ClarkU Hillel President: Response to Grynheim

Last week, Leah Grynheim, a senior at Indiana University Bloomington, published her first blog post for The Times of Israel: “Hillel excludes pro-Israel narratives.” Grynheim condemned the acts of Hillels across the nation, claiming that the organization has “failed to uphold their mission statement” and she specifically mentioned my college, Clark University.

Yet what Grynheim claims to be true in reality holds no water to what is actually occurring on campus.

I am lucky to be the President of ClarkU Hillel. I am able to be part of an organization that allows me to find Judaism in my own life. I joined my freshman year and found a community in which I felt safe and included. As President, I have been able to watch this organization grow, reaching out to more and more student organizations each week to collaborate on events and welcome them into our space. I have been able to meet with people throughout the campus, from students to administrators, whom I may not have had the chance to without such a position. I have even been able to go into the community and talk with leaders, finding connections and ways to work together.

Hillel is the biggest club at Clark. We are an inclusive group—contrary to Grynheim’s beliefs. Everyone is welcome to all of our events, including ones geared to Jewish holidays. In fact, we specifically note at the end of our descriptions on our Shabbat Facebook events, we always include “All are welcome!”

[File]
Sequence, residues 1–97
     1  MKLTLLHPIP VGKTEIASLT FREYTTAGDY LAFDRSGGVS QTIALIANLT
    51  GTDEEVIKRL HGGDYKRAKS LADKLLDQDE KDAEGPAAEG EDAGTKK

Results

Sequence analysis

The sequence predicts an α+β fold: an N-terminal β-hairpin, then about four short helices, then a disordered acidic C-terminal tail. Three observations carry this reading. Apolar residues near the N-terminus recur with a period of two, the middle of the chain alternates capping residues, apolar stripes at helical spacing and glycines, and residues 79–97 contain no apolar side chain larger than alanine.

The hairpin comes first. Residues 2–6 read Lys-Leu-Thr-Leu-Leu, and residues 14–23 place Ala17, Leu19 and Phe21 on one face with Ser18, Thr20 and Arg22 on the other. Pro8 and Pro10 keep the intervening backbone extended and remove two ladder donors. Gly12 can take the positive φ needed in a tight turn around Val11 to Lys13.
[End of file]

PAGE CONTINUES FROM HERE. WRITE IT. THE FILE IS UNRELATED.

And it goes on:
And I know, not every event is going to attract every student at Clark, Jewish or not. But no one at Hillel is telling students that they must come to each and every Hillel event, or any specific event. That’s the beauty of Hillel. We have events for everyone. Maybe a student wants to get involved with the community; our Tikkun Olam committee hosts monthly Challah for Hunger bakes to raise money for Rachel’s Table. Maybe he wants to only come to religious event; the Religious Observance Committee assures that we take care of that. Or maybe she wants to be involved but not in a particularly Judaic-like setting; Social Arts and Culture ensures that fun events like Bagel Brunches also take place for our community.

And if serious discussion of the Israel-Palestine conflict is wanted—as a lot of our J Street friends, along with many of us, would like—the Israel and Zionism committee has that covered, and they welcome people of diverse social and political opinions to join them.

Grynheim claims that J Street U is a pro-Israel, pro-peace movement that advocates for a two-state solution. As she asserted for Hillel (and I have refuted above), I will return the sentiment: J Street has not been following its mission on campuses throughout the United States. Advocacy of a two-state solution is welcomed within ClarkU Hillel. But what is not welcomed is creation of a climate of fear and intimidation or use of bullying tactics to prevent student participation in any of our programs. Sadly, that’s what some members of J Street have been doing recently.